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Emma

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3.98  ·  Rating Details ·  483,005 Ratings  ·  11,353 Reviews
Emma Woodhouse believes herself to be an excellent matchmaker, though she herself does not plan on marrying. But as she meddles in the relationships of others, she causes confusion and misunderstandings throughout the village, and she just may be overlooking a true love of her own.

This edition is part of the Penguin Classics Clothbound series designed by Coralie Bickford-S
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Hardcover, Clothbound, 474 pages
Published October 1st 2009 by Penguin Classics (first published December 23rd 1815)
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samsarella I saw Clueless first and I liked so much, that when I was reading Emma, some years later, I was delighted when I started finding similarities between…moreI saw Clueless first and I liked so much, that when I was reading Emma, some years later, I was delighted when I started finding similarities between both stories. They are pretty similar, and they are both really funny, too.(less)
Caitlin There is a YouTube series called Emma Approved that is a modern adaptation of the book. Since it's done in episodes, it makes it easy to watch along…moreThere is a YouTube series called Emma Approved that is a modern adaptation of the book. Since it's done in episodes, it makes it easy to watch along as you read, which is what I am doing and recommend. I did the same thing with Pride & Prejudice and The Lizzie Bennett Diaries and really enjoyed it.(less)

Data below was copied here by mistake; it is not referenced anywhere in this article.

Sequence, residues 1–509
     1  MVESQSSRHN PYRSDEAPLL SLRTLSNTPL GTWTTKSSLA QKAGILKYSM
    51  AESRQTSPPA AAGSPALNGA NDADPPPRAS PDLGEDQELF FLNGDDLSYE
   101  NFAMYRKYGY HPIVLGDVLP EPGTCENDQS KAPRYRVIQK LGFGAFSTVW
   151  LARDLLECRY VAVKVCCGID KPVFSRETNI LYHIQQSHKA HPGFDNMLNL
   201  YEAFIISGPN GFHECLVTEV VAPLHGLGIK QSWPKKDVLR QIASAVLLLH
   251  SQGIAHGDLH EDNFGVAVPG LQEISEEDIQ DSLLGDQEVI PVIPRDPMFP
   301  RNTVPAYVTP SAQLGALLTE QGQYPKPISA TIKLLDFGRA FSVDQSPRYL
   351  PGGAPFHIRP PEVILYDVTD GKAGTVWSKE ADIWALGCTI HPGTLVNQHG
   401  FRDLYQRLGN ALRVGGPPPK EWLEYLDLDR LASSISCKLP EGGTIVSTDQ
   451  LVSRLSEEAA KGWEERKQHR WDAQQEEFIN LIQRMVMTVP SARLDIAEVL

Community Reviews

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Kelly
May 24, 2007 Kelly rated it it was amazing  ·  review of another edition
Recommends it for: Jane Austen fans, all women
This is a book about math, mirrors and crystal balls, and don’t let anyone tell you otherwise. Village life? Sorta. The lives of the idle rich? I mean, sure, but only partially and incidentally. Romance? Barely. A morality tale of the Education of Young Lady? The young lady stands for and does many more important things than that. These things provide the base of the novel, the initial bolt of fabric, the first few lines of a drawing that set the limits of the author to writing about these thous ...more
Bookdragon Sean
Austen paints a world of excess.

She’s just so fucking brilliant. That much so I found the need to swear. The sarcasm is just oozing out of her words. She doesn’t need to tell you her opinions of society: she shows them to you.

Simply put, Emma’s farther is a ridiculous prat. There’s no other word for it. He spends his day lounging around eating rich and expensive food and doesn’t bother to exercise his body or mental faculties. The thought of visiting his recently departed governess, a long-tim